My partner and I
had heard on the grapevine that Beirut was the place to go for diving that was
'a bit different'. The partner, having lived in Beirut as a young child, was
keen to see the city as it was now and so, after a few searches on the Internet,
we duly booked ourselves a week's diving with the National Institute of Scuba
Our friends looked at us
in horror when we told them where we were bound and I'm sure some of them were
ready to scour the 'papers waiting to read of our capture or death, and had
visions of Kate Adie leaping onto the dive boat to escape the latest outbreak of
fighting. Whilst that would have been nearer the picture some 12 years ago,
today, the reality is far less dramatic:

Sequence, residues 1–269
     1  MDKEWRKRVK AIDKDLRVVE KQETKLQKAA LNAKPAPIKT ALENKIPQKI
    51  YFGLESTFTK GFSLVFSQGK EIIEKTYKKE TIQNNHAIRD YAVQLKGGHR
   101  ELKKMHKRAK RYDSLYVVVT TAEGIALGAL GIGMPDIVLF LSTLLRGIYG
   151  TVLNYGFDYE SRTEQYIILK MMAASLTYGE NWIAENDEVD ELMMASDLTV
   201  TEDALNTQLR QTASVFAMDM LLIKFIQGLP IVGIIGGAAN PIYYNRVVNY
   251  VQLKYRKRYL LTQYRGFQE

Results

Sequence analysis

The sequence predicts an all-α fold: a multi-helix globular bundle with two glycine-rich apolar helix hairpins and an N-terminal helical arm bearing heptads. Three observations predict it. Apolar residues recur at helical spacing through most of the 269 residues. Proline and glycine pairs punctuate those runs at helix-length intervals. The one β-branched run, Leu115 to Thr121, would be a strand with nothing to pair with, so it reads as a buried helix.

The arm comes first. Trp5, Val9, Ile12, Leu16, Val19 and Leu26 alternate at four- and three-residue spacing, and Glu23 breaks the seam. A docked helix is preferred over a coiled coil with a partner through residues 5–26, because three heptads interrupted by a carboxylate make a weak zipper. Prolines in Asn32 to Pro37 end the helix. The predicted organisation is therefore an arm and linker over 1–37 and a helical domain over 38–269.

1. The civil war ended
2. The city is now
largely rebuilt and has a wonderful infrastructure in place.
3. Part Muslim, part
Christian, it is extremely Westernised. Think French Riviera but with mosques
and you'll get the picture.
4. However, you would be
wise to avoid the southern part of the country, where outbreaks between rival
factions still continue over the Lebanese / Israeli border.
We found that diving is
extremely popular and is one of the fastest growing sports in Lebanon. There are
approximately 25 dive centres along the 180 miles of Lebanese coast and 4 in
Beirut itself. Things have come along way from the war years when diving was a
hazardous pastime when common problems included being stranded out at sea whilst
shelling took place or finding yourself the target of snipers who would "shoot
anything that moved"! Most dives are between 16M and 37M so expect two 30M dives
per day. Teccies have dives on offer up to 70M and technical diving is certainly